Your website’s domain and overall URL structure are based on a few technical elements. In this article, we are going to explore using www vs. non-www on your website’s URL and which is better for SEO.
Both www and non-www have their pros and cons, but ultimately you need to know the implications of what you are choosing. If you aren’t careful, you could create duplicate locations of your website which can hurt your site’s SEO and ranking in the SERPs rankings. Here’s how you can keep the flow of visitors coming by having a properly configured website URL.
Understanding the Structure of a URL
It is important to understand that there are many seemingly insignificant details that go into building your website’s URL. Each of these details changes the location of your website and also how search engines, like Google, crawl and index your site.
HTTP and HTTPS
HTTP is the standard language protocol to help browsers communicate between clients and servers. Most URLs start with http://. If your site has an SSL Certificate or Transport Layer Security (TLS), the URL will start with https:// instead.
Domain names are a critical part of the internet, allowing users to navigate between websites. This is what you purchase and register at domain registers like Godaddy or Namecheap. Domain names act as human-readable (and rememberable!) addresses. If we didn’t have them, we’d be surfing the web memorizing IP numbers instead of company and brand names.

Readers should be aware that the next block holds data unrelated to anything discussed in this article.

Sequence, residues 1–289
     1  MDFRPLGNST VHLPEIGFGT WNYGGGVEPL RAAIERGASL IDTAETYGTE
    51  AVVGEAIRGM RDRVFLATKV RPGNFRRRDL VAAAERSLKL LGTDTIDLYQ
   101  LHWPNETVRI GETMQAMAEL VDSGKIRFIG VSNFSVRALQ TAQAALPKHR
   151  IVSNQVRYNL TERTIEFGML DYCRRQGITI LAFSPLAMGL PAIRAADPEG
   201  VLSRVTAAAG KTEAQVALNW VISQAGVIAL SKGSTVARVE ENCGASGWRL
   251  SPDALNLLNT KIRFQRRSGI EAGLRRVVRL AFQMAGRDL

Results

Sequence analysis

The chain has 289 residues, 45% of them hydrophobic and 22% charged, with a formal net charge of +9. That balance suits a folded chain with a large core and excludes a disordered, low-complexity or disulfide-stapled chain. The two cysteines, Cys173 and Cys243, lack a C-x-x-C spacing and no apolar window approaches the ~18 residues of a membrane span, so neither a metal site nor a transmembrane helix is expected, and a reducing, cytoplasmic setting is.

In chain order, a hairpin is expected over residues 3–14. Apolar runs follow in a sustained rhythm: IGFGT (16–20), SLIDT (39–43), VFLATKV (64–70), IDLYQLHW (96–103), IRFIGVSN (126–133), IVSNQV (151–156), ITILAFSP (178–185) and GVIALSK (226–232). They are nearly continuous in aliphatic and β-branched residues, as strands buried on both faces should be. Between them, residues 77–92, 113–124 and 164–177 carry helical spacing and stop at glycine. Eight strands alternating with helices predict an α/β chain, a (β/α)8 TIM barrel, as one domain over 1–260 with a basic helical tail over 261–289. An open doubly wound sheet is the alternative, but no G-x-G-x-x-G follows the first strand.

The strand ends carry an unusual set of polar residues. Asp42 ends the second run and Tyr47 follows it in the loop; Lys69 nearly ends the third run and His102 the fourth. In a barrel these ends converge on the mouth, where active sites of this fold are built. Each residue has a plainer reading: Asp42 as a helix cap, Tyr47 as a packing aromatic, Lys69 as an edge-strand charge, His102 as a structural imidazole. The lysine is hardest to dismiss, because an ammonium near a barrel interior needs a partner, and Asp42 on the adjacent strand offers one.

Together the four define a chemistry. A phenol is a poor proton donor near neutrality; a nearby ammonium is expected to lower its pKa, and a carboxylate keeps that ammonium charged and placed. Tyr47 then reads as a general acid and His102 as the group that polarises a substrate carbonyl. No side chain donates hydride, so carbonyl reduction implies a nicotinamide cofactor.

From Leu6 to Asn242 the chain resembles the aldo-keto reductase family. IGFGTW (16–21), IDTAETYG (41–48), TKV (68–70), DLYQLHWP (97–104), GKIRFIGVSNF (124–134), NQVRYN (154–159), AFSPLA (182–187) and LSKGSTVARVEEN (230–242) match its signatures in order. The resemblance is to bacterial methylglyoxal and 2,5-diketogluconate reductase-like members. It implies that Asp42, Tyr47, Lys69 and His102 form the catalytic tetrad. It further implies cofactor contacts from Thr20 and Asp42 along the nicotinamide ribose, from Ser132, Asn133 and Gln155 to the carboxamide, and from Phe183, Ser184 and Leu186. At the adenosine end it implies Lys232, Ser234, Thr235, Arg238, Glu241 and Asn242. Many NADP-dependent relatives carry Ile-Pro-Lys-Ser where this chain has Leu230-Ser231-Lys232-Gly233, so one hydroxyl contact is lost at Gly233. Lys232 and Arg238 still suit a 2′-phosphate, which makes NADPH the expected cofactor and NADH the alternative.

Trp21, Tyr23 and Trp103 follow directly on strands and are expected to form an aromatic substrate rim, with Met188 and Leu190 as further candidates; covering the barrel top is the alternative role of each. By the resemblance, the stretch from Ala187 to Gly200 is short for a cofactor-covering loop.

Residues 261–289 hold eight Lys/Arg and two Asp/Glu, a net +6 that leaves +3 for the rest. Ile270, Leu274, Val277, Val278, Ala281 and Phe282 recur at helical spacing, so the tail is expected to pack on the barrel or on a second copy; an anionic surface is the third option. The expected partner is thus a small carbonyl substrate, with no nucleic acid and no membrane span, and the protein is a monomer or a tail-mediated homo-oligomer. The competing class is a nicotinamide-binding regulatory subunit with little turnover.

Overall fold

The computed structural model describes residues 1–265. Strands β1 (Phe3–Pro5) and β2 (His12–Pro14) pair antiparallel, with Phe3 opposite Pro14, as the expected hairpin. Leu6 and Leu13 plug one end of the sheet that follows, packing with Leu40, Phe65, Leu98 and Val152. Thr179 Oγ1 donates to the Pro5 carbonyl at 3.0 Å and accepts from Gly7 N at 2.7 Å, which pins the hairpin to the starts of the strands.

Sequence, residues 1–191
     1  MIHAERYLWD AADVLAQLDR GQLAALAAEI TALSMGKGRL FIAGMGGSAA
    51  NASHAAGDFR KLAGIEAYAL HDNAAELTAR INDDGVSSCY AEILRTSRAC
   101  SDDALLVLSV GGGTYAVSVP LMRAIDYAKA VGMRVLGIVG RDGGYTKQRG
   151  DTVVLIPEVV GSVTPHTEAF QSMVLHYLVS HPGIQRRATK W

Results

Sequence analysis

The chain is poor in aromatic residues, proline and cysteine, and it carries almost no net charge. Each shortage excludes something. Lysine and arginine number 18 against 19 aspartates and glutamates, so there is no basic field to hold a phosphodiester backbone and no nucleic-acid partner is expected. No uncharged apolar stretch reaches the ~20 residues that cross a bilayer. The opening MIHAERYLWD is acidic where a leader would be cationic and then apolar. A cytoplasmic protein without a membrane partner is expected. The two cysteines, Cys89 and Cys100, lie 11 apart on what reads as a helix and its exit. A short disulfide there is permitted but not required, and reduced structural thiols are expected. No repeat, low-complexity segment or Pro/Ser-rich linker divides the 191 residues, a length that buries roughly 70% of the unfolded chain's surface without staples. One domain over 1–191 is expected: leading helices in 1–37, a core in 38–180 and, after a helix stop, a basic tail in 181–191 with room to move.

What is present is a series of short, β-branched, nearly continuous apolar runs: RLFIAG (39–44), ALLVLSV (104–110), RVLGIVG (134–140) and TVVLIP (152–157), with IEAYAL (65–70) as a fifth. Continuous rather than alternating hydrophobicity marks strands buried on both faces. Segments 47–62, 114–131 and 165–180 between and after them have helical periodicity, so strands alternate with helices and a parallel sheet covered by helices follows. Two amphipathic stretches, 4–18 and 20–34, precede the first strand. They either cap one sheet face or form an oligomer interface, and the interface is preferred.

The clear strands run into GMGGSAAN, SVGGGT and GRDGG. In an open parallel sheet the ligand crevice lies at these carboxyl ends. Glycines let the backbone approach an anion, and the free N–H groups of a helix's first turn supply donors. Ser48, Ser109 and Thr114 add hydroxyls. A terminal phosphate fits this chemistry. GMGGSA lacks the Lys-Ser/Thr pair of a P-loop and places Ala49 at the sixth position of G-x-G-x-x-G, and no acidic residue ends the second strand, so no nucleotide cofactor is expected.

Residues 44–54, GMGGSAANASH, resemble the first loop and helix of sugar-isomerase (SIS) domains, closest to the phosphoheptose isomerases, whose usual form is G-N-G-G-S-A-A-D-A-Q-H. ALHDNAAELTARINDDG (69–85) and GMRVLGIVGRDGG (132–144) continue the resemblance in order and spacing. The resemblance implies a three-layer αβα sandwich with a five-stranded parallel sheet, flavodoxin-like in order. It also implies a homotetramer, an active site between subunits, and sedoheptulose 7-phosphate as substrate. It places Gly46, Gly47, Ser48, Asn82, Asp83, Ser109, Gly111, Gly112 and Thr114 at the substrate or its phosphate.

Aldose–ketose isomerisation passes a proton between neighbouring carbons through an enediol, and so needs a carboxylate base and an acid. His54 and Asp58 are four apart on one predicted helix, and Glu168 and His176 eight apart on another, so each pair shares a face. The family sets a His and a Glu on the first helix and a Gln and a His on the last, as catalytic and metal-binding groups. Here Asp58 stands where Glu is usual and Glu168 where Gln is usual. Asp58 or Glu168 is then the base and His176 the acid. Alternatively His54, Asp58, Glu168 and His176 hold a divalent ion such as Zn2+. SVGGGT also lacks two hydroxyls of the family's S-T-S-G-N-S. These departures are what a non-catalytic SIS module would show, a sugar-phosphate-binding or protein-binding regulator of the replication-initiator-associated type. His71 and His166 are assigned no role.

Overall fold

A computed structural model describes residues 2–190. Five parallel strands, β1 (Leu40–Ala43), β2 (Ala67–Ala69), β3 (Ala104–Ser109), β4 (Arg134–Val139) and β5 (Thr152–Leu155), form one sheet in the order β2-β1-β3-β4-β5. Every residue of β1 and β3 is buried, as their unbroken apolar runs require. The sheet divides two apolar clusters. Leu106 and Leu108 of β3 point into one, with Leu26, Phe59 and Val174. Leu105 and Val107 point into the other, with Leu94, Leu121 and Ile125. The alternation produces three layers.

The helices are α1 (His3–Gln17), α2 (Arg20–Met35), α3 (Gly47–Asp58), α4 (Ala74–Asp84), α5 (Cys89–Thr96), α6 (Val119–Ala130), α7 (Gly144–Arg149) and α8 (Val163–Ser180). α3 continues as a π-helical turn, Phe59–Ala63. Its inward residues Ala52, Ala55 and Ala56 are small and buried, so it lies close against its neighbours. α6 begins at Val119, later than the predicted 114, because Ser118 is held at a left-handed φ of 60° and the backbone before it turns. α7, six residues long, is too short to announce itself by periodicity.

In a URL, the domain is a substring that follows the initial http:// or
WWW Domain Prefix
The WWW prefix is used to help identify a web address or location. Basically, it is a subdomain (similar to ftp.yourwebsite.com or blog.yourwebsite.com) to identify a more specific location. This is mostly used on larger websites. However, unlike traditional subdomains, it is not necessary these days to include the WWW prefix unless you have a specific reason to do so. In a URL, the www prefix precedes the domain name:
What are WWW and non-WWW?
When we talk about www vs non-www, we are referring to websites that include the www prefix in the domain name or not.
Here is a www domain:
And here is a non-www domain:
The WWW (“Word Wide Web”) prefix has traditionally designated websites that are accessible online. For most of the history of the internet, most websites used a “www” prefix followed by a domain name. Nowadays, it is treated more as a subdomain, making it optional for those looking to streamline their URL with a non-www version of their domain.
Differences Between WWW vs non-WWW: Pros and Cons
The internet is a very specific place. At least in terms of web standards. Adoption of new ways of doing things is slow since there are billions of internet users and breaking the internet is in nobody’s best interest. The differences in www and non-www domains may cease to exist someday but there are some user experience and technical differences to understand right now.
First, it is important to understand that a website URL using WWW is technically an altogether different location than the same website URL using non-WWW.
https://www.yourwebsite.com will take you to a different location than https://yourwebsite.com.
That is why it is important to be consistent with what you choose. And, use redirects and canonical URLs to make sure you are not getting duplicate content.
WWW’s Cookie Handling
Cookies, once a staple of the internet, perform more or less the same whether you use www or non-www on your website.